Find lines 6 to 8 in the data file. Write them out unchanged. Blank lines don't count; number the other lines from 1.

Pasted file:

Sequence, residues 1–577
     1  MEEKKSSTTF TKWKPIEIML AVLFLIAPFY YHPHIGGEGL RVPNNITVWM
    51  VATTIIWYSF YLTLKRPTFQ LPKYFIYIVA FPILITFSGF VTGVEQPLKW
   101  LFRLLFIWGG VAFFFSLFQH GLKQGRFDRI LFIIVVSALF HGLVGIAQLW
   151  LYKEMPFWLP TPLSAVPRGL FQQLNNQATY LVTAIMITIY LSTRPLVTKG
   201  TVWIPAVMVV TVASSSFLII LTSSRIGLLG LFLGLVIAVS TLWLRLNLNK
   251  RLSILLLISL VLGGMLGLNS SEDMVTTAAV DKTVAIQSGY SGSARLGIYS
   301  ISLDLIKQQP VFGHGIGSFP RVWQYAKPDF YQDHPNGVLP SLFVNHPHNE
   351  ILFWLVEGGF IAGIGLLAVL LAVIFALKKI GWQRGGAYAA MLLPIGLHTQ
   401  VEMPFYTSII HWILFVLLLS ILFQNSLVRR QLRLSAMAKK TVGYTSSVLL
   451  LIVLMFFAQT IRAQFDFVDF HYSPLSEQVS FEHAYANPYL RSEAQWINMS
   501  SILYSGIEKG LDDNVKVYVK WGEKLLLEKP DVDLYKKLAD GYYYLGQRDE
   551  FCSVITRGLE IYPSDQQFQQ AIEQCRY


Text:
   201  TVWIPAVMVV TVASSSFLII LTSSRIGLLG LFLGLVIAVS TLWLRLNLNK
   251  RLSILLLISL VLGGMLGLNS SEDMVTTAAV DKTVAIQSGY SGSARLGIYS
   301  ISLDLIKQQP VFGHGIGSFP RVWQYAKPDF YQDHPNGVLP SLFVNHPHNE